Matthew Van Den Broeke

Assistant Professor

Ph.D., 2011, Oklahoma

Radar meteorology, Severe weather, Microphysics & precipitation processes, Land-atmosphere interactions, Geoscience education

Contact Information

306 Bessey Hall

Interested in weather for as long as I remember, I went to Valparaiso University (Indiana) to study meteorology as an undergraduate, then completed graduate school at the University of Oklahoma. I joined the Department of Earth and Atmospheric Sciences at UNL in fall 2011.

Severe weather is a theme underlying much of my research. I have focused on defining and understanding polarimetric radar signatures in Southern and High Plains supercells, with special emphasis on the near-tornado portion of the supercell lifecycle. This work has been complimented by storm-scale modeling to understand how hydrometeor distributions vary in supercell storms as a function of environmental variability. My other radar-related work has focused on tornadic debris signatures, rate of winter precipitation, signatures of biological scatter, and associations between radar variables and lightning distributions. Some of my other research projects include studies of eastern drylines, undergraduate perceptions of tornado risk, and how changing land use-landcover on the Southern Great Plains has affected precipitation patterns and the severe weather environment.

Selected Publications

  • Jauernic, S. T., and M. S. Van Den Broeke, 2016, Perceptions of tornadoes, tornado risk, and tornado safety actions and their effects on warning response among Nebraska undergraduates, Natural Hazards, 80, 329-350.

  • Van Den Broeke, M. S., and C. A. Van Den Broeke, 2015, Polarimetric radar observations from a waterspout-producing thunderstorm, Wea. Forecasting, 30, 329-348.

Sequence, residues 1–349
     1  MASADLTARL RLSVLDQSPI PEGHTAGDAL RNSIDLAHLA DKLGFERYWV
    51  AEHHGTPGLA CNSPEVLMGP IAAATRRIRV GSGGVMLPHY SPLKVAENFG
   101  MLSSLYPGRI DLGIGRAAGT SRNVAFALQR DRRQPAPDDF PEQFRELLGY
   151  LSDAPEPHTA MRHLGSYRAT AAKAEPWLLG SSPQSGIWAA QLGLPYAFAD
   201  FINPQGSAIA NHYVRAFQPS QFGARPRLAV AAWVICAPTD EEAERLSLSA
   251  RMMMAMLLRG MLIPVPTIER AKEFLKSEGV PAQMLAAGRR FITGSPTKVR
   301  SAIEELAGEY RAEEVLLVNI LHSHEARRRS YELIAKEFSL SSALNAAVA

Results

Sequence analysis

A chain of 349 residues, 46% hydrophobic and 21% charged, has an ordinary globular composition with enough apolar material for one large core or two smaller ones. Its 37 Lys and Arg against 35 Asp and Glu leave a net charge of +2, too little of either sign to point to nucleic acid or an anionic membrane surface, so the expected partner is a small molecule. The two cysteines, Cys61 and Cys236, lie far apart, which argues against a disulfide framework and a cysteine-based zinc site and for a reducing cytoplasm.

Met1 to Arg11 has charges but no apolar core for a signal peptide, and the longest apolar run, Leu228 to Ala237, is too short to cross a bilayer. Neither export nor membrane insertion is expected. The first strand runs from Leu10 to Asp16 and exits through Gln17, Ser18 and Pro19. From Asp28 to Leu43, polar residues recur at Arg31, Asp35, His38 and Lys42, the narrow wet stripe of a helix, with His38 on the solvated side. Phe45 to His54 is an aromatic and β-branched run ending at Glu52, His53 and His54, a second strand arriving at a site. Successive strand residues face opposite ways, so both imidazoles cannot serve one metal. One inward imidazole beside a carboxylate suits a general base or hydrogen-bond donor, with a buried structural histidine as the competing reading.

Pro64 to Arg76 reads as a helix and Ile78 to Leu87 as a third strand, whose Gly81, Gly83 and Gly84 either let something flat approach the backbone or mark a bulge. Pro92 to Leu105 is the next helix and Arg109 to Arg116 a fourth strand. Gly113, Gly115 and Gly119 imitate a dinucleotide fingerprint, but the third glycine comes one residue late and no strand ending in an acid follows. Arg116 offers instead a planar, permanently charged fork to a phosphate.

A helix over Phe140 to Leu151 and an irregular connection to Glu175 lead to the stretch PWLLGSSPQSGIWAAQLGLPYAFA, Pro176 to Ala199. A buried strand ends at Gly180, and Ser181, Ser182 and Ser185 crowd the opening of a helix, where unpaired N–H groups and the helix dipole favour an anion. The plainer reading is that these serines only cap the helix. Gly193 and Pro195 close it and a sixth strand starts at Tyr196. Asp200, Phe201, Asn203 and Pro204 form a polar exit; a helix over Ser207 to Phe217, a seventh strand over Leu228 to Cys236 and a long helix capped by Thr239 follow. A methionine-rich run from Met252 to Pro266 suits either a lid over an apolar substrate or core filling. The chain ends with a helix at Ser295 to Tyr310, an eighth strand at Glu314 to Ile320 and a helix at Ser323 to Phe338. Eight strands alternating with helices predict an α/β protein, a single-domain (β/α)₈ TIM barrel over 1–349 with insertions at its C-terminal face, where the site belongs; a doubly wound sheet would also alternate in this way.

• Van Den Broeke, M. S., 2015, Polarimetric tornadic debris signature variability and debris fallout signatures, J. Appl. Meteor. Climatol., 54, 2389-2405.

  • Van Den Broeke, M. S., and L. Arthurs, 2015, Conceptions of tornado wind speed and land surface interactions among undergraduate students in Nebraska, J. Geosci. Educ., 63, 323-331.

  • Van Den Broeke, M. S., 2014, Effects of mid- and upper-level drying on microphysics of simulated supercell storms, Electronic J. Severe Storms Meteor., 9(3), 1-29.

  • Van Den Broeke, M. S., and S. T. Jauernic, 2014, Spatial and temporal characteristics of polarimetric tornadic debris signatures, J. Appl. Meteor. Climatol., 53, 2217-2231.

  • Van Den Broeke, M. S., 2013, Polarimetric radar observations of biological scatterers in Hurricanes Irene (2011) and Sandy (2012), J. Atmos. Oceanic Technol., 30, 2754-2767.

  • Van Den Broeke, M.S., W.H. Beasley, and M.B. Richman, 2010, The role of atmospheric conditions in determining intensity of crepuscular and anticrepuscular rays, Mon. Wea. Rev., 138, 2883 - 2894.

  • Van Den Broeke, M.S., J.M. Straka, and E.N. Rasmussen, 2008, Polarimetric radar observations at low levels during tornado life cycles in a small sample of classic Southern Plains supercells, J. Appl. Meteor. and Climatology, 47, 1232 - 1247.

  • Van Den Broeke, M.S., D.M. Schultz, R.H. Johns, J.S. Evans, and J.E. Hales, 2005, Cloud-to-ground lightning production in strongly-forced, low-instability convective lines associated with damaging wind, Wea. Forecasting, 20, 517 - 530.